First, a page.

Wednesday/11-Jan-17: Shopping today. Dinner was fish from the pressure cooker served with mashed potatoes. For dessert, we finished our Three Kings' Cake.

Thursday/12-Jan-17: When I ordered some polenta and other Italian stuff a few weeks ago, I noticed they were selling taleggio also and it wasn't too expensive. Tonight it became part of Mushrooms, Potatoes, and Melting Taleggio (web). Good it was. Unfortunately both of us are regretting we ate all of what was supposed to serve four. Along with some steamed broccoli. No dessert needed at all.

Friday/13-Jan-17: Chicken from the pressure cooker tonight, served with garlicky mashed potatoes made with pyramid goat cheese. That was all.

Saturday/14-Jan-17: Put shrimp on to marinate this morning (or maybe it was early afternoon). For dinner there was a half recipe of Orecchiette with Cauliflower, Shrimp, and Red Pepper Oil (365Pasta, p169). Had wanted to do this with romanesco broccoli, which has been at the store lately. But not this week. So plain old cauliflower. I absent-mindedly cut up the whole cauliflower, so I roasted half of that. Used some multi-color shells for the the paste. I think the romanesco and pink shrimp and white pasta would be pretty. Mini magnums for dessert.

Sunday/dd15Jan-17: For the third time in just over a week, we've had chicken thighs substituting for a whole chicken for dinner. This afternoon we had a half recipe of Podvarka—Chicken and Sauerkraut (TLVienna, p23). I used grapeseed oil instead of lard. Since it was "fresh", I didn't rinse the of sauerkraut. I used a red jalapeño from the freezer for the chili. Served with some boiled potatoes. It was good.


For dessert there was peach pudding from the pressure cooker.

Progress on goals
This week: #1 BACKLOG: no; #2 VEG/FISH: 5
This month: #3 PASTA: yes; #4 BREAD: no

Friday, January 6, 2017

Cookbook Countdown: Risotto with Porcini

Continuing with my home-grown Pressure Cooker Month, our main meal today was Risotto with Porcini, from Great Vegetarian Cooking Under Pressure (p154), by Lorna Sass. The recipe says it serves six as an appetizer and four as a main course. I halved the recipe as a main course for two and that was a good portion.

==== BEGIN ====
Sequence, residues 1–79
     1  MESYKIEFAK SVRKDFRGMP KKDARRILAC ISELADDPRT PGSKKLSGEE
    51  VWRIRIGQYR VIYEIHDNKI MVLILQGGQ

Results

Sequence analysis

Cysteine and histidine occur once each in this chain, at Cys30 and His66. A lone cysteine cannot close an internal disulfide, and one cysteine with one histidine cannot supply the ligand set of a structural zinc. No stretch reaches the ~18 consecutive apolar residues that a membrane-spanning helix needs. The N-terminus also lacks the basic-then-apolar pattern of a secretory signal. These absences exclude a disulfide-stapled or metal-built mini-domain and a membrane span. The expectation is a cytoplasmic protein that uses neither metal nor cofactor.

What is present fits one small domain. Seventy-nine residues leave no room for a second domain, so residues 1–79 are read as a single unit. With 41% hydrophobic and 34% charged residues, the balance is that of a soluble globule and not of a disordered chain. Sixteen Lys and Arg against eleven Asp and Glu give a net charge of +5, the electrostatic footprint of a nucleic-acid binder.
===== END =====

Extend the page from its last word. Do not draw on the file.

This is another book I've had around for a while and, I discover, have actually used few times already. I have a couple of other books by Sass and my memory is that while they have some good recipes, she is afraid of spicy food. That's okay as long as you know. 

While dried porcini (cêpes) are soaking, slice up some leeks and garlic. When the mushrooms have soaked, left them from the liquid, rinse, drain, and chop coarsely. Pour the soaking liquid through a fine-meshed sieve, then add enough vegetable stock to make some more than twice the volume of rice you will use. (For my half recipe, I used 3/4 cup arborio rice and 1-3/4 cup liquid.) Sauté the leeks and garlic briefly in olive oil, then add the rice along with some dried oregano. Stir to coat the rice with the oil, then add the porcini-stock liquid and some salt. Close the pot, bring to pressure, and cook at high pressure for five minutes. 


I discovered that the sound my new rocker-less pressure cooker makes when it's at pressure is more like PSSS to my ear than PSCHHHT, so today's cooking went off much smoother than yesterday's without any burning action. The risotto was perfect.

One of the nice things about this risotto is that it's on the table in way less than 30 minutes with minimal effort. The first bit of the cooking is the same as a regular risotto, but once you've added the rice and oiled it down, you just add all the liquid, close the pot, and let it cook. That part is done is less than ten minutes where I wasn't standing there stirring in the stock ladleful by ladleful.

N.B.: A couple of people have expressed Fear of Pressure Cookers on yesterday's post. I have to admit I used to fall into that category, mostly, I expect, because I didn't grow up around one. They seemed a bit scary. Probably my mother had the same problem. On the other hand, Ed grew up with one and, when I met him, about the only cooking he did was pressuring vegetables into submission. His original pressure cooker is the we've recently retired.

I've learned that there's really not much that can go seriously wrong when you're pressure cooking. Modern pressure cookers (certainly all those from the last half of the 20C) are equipped with a plug that relieves the pressure if it should get dangerously high (which can happen if there's not enough liquid). No explosion, just a (rather startling) Pow! as the little rubber plug hits the ceiling. We've actually had this happen. 

January starts a new year with Cookbook Countdown. Why don't you choose a book, or two, or more, from your cookbook shelf and join in?